The term talc refers both to the pure mineral and a wide variety of soft, talc-containing rocks that are mined and utilized for a variety of applications. Talc forms mica-like flakes. Talc is the softest mineral on the Mohs hardness scale at 1 and can be easily cut and crushed. Talc has perfect cleavage in one direction, meaning that it breaks into thin sheets and as a result it feels greasy to the touch which is why talc is used as a lubricant.
Most talc is mined today by conventional open-pit, drill-and-blast. Shovel-and-truck techniques. The major difference from conventional technology is that blasting is minimized to reduce breakage of soft talc ore.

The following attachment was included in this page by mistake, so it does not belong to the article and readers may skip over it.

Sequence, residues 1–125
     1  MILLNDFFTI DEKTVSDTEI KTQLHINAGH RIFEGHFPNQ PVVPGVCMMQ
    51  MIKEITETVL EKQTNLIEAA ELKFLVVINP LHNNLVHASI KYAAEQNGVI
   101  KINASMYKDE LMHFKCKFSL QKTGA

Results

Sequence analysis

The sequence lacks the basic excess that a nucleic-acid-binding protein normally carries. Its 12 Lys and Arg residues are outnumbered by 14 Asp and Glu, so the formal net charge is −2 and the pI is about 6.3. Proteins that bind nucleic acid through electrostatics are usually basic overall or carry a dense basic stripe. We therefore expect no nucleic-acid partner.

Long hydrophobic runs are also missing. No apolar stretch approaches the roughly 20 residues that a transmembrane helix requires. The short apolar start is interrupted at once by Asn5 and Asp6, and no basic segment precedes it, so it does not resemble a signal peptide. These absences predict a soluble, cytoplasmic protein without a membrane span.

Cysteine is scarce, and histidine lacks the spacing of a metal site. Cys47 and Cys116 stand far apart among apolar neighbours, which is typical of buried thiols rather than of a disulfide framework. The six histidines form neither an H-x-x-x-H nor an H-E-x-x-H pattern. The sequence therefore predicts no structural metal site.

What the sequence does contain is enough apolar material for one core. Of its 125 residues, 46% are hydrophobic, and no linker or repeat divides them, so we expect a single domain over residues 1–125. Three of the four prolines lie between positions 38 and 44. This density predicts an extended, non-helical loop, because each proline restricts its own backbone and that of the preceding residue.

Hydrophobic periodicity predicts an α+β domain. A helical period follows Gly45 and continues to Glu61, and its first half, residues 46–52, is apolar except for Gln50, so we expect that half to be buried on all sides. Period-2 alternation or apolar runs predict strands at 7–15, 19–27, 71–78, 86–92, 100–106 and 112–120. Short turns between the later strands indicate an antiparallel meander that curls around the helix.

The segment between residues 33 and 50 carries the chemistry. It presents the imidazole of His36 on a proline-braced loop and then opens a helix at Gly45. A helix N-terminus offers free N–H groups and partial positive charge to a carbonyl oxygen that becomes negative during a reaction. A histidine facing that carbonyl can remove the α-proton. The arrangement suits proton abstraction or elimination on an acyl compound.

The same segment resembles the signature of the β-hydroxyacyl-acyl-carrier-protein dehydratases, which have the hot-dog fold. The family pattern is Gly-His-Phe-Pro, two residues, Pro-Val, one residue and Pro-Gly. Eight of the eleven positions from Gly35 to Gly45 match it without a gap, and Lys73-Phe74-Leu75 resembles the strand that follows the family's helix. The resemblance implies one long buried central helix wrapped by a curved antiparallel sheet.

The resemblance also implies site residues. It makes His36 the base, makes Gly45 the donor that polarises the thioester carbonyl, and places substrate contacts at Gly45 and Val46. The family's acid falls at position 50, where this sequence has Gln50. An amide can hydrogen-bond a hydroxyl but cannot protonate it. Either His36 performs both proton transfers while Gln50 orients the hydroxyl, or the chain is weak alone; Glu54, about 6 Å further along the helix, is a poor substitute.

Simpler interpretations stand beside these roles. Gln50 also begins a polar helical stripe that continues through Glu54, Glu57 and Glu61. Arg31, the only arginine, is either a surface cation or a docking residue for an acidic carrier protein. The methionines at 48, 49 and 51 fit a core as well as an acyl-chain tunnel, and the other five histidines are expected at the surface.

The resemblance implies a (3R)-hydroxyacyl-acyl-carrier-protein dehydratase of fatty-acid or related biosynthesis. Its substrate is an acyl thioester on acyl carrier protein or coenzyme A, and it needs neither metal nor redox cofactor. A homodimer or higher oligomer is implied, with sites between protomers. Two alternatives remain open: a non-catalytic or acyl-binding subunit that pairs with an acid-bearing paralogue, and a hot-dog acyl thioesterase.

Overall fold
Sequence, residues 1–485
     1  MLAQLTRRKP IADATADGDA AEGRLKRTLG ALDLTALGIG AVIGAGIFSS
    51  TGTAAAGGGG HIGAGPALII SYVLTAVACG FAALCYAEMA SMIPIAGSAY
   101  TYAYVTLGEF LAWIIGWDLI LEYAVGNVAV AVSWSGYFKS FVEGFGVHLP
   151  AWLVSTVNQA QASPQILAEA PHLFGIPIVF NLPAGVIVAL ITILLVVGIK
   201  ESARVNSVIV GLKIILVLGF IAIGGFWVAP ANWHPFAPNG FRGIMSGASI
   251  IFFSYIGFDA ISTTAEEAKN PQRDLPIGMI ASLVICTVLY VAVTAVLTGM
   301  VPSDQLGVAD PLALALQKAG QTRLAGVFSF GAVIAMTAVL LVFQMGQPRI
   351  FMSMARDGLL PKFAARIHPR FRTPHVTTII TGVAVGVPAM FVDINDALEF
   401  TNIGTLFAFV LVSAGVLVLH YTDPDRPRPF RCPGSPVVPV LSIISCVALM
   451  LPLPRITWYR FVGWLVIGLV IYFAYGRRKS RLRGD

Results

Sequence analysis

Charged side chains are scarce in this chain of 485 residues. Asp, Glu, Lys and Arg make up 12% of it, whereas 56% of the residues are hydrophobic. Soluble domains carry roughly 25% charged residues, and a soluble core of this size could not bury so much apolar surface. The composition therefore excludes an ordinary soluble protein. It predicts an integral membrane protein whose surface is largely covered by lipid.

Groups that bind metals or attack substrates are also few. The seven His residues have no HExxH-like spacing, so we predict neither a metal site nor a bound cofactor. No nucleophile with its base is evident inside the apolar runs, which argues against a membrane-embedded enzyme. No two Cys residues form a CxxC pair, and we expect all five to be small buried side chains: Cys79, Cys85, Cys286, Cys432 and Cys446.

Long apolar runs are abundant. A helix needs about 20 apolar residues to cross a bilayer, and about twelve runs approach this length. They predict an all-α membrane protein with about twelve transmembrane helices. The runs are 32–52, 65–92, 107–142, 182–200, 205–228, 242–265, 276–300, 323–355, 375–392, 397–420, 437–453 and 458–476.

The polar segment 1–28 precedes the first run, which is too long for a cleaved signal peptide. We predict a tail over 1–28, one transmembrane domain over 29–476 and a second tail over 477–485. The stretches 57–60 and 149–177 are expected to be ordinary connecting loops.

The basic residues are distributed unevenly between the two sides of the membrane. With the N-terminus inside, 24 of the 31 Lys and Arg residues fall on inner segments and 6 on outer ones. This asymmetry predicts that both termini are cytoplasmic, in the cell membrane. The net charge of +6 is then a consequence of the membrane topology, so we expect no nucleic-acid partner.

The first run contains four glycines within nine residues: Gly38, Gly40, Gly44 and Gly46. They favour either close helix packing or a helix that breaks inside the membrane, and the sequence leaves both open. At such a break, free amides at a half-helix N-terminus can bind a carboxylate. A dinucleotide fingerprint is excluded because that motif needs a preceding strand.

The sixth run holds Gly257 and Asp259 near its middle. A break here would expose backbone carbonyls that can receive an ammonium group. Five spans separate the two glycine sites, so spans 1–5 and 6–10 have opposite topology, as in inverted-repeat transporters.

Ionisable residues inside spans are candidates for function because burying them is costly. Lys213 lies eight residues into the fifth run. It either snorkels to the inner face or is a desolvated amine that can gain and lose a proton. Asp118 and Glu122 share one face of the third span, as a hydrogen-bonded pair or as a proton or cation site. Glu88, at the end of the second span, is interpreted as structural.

Ground talc is used as an ingredient in ceramics, paper, paint, roofing, plastics, cosmetics, talcum and baby powders, and a variety of other assorted uses such as making rubber and plastics.
Talc is crushed into powder to form talcum powder. Talcum powder was also used as a filler to prevent slipping in latex gloves. Talc is highly resistant to heat and electricity, and is therefore used in electronics and as an insulator. It is also a filler material for paints, rubber and insecticides.
Talc is also used as an ornamental stone, being carved into figures, jewellery boxes, tiling, and art sculptures, because it is so soft and can be very easily cut and carved.